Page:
Making it big in the US is no easy feat for a British comedian and often whatâs popular on this side of the pond fails miserably in the States. To take off over there you need the irrepressible charisma and wit of someone like Ricky Gervais, a home-grown talent who now impresses and shocks yanks in equal measure with his risky, hard-boiled observations about Kim Kardashianâs bum.
For many others, a long and unrewarding career starring in invariably awful Hollywood comedies is the way to sustain popularity in the US. This, unremarkably, is whatâs been keeping Russell Brand successful for the past few years, along with, of course, his high-profile former marriage to the successful but reprehensibly terrible pop singer and firework Katy Perry.
However, Brandâs popular in the US in his own right, as perhaps the commissioning of his latest US-based current affairs programme Brand X proves. An unscripted and ‘unfiltered’ take on American culture and politics, the show will be coming to Sky Atlantic next month, within days of it’s US premiere on FX. After his appearance as a narcissistic rock star in Forgetting Sarah Marshall, heâs gone from strength to strength, with his eloquently titled autobiography âMy Booky Wookyâ? even entering the New York Times Best Seller List.
That same publication described him as âuniquely hilariousâ?, although his actual book got a pretty average write up, criticising Brand for the book’s high number of confusing cockneyisms. But generally his reviews from US publications have been good. The Hollywood Reporter has labelled him âutterly irrepressibleâ?, with the Washington Post calling him, âanything but understatedâ¦ completely hilariousâ?.
So what makes Brand such a surprise hit with the yanks? Could it be his pure overly-exaggerated Englishness? His eccentric dress sense? Or do they simply find his comedy exceptionally funny? Admittedly, his sense of humour doesnât seem like something that would go down particularly well in US, but then again, neither does Billy Connolly, Monty Python and even Gervais, so go figure.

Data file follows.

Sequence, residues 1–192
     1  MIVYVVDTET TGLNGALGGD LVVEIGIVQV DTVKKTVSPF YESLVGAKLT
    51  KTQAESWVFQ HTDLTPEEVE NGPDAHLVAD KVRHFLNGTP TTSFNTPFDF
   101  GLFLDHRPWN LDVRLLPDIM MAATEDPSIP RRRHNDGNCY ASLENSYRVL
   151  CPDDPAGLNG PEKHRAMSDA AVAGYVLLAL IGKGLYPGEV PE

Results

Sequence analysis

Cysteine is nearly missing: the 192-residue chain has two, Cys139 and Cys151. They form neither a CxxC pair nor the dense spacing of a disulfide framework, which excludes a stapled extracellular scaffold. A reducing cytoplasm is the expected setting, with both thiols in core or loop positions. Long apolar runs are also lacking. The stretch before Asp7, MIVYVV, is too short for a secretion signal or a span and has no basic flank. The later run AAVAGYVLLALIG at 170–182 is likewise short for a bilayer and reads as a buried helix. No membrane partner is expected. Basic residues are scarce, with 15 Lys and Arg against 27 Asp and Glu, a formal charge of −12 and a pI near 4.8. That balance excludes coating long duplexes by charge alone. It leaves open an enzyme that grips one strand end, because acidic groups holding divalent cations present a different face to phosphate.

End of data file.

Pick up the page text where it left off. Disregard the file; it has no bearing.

With Brand X, the comedian will be sharing his take on everything from American politics to popular culture. After his controversial comments about George Bush at the VMAs, it could very easily go the way of The Chevy Chase Show. As Brand says himself, âAmericanâs donât like being told what to think.â? But itâs more than likely that the programme will advance Brandâs post-Perry career considerably, even if he offends American viewers â and he almost definitely will.
With any luck Brand X (set to air on Sky Atlantic over here) will be better than Brandâs last attempt to dissect American culture: his thoroughly bizarre documentary about Jack Kerouacâs âOn the Roadâ?. And if he wants to establish himself further in the US? Well, he could always pull a Gervais and use his production company to surround himself with long established US comedians. It worked for him..
Brand X will be coming to Sky Atlantic in July..